In operation, a process fluid may be pumped or otherwise transferred into the modular unit 300, whereby the temperature of the fluid may be raised as a result of hydrodynamic action imparted thereon. The modular unit 300 may include a frame 301, and a dynamic heat generator (DHG) 322 disposed within the frame 301. The DHG 322 may be operatively engaged with an assembly that may include an engine 310 and motor 314, whereby the engine 310 and the motor 314 are also disposed within the frame 301. The motor 314 may be used to operate the DHG 322 in order to heat the temperature of a fluid to a predetermined temperature without the necessity of a flame while doing so.
 The difference in temperature between the process fluid that enters the DHG 522 and the subsequently heated process fluid that exits the DHG 322 may be controlled, for example, by adjusting process flow rates. Thus, at one point in the sequence of the operation of unit 300 the exit temperature may be about 400 degrees Fahrenheit. If the flow rate of the process fluid is increased, the temperature of the exit fluid may as a consequence be reduced.
 Although not limited by any scale depicted or described, in some embodiments, the DHG 322 may be approximately two feet in diameter and one foot in width. In some embodiments, the DHG 322 and any of its associated components may be made from a durable material, such as steel or aluminum. However, the materials of construction are not meant to be limited, and hence the DHG 322 may just as well be constructed from other materials in other embodiments.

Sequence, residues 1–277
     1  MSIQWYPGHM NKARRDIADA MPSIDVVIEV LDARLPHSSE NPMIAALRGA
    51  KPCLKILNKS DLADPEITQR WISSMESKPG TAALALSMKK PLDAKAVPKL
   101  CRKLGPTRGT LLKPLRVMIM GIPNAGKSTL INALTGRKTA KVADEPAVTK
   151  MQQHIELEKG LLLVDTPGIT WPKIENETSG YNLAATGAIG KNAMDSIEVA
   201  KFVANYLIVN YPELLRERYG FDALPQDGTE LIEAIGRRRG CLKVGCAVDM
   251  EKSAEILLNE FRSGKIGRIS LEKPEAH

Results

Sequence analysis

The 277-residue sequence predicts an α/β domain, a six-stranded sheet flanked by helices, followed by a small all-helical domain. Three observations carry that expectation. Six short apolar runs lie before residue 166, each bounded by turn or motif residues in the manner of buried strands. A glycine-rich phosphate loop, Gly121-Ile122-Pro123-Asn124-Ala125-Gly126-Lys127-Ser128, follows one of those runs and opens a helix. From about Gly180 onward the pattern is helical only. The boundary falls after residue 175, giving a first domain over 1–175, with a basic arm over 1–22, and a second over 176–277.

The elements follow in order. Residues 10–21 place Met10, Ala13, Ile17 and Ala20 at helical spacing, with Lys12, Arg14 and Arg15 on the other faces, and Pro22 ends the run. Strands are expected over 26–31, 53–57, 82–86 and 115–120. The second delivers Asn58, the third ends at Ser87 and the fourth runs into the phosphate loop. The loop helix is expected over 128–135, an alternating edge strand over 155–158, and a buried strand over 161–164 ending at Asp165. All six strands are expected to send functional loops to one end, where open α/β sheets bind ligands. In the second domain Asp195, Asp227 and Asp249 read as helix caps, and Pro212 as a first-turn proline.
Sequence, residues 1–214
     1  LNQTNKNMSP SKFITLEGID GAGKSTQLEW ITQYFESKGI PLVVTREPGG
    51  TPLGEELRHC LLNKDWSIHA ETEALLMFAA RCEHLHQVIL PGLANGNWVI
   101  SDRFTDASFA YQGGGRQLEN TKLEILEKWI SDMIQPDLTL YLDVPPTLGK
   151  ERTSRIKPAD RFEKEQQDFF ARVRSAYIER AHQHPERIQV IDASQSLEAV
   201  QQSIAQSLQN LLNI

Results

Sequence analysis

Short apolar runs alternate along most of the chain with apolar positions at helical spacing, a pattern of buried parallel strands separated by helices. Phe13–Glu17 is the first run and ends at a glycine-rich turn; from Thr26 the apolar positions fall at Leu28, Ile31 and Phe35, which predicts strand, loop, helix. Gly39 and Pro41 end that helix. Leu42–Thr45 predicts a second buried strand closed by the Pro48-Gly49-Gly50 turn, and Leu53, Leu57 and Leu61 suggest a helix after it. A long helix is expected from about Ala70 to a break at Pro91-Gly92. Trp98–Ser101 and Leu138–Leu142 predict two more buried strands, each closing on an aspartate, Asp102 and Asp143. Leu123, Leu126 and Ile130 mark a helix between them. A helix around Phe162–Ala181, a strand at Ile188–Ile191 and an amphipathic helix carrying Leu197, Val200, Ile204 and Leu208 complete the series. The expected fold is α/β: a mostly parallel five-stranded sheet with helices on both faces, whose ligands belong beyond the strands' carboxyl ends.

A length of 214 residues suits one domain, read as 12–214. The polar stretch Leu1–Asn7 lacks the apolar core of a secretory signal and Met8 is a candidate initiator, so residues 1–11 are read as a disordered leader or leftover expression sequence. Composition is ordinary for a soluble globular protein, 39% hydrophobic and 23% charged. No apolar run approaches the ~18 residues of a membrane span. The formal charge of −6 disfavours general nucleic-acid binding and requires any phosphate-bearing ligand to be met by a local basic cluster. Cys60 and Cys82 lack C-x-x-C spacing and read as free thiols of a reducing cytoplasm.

In particular embodiments, the DHG 322 may be similar or identical to an Island City, LLC dynamic heat generator. In operation, the motor 314 may run in a range of 1500-4500 RPMs.
 The DHG 322 essentially acts as a device that uses the rotational energy generated by the motor 314, whereby process fluid that flows through the DHG 322 may include a relatively low velocity near its center and a high velocity at its outer diameter such that kinetic energy (heat) may be created or caused in the fluid. The result is the fluid flowing at a maximum velocity and the creation of kinetic energy (heat).
 The ability of the DHG to utilize power created by the engine 310 may be understood with an understanding of basic principles of engineering, such as pump power laws. For example, power capacity is proportional to the input speed to the third power, and power capacity is proportional to the rotors diameter to the fifth power.
 The modular unit 300 may be completely self-contained, and may be further sized and configured for quick installation. While installation of the unit 300 may be permanent, the single skid unit 300 may just as well be portable, including a quick-connect coupling system.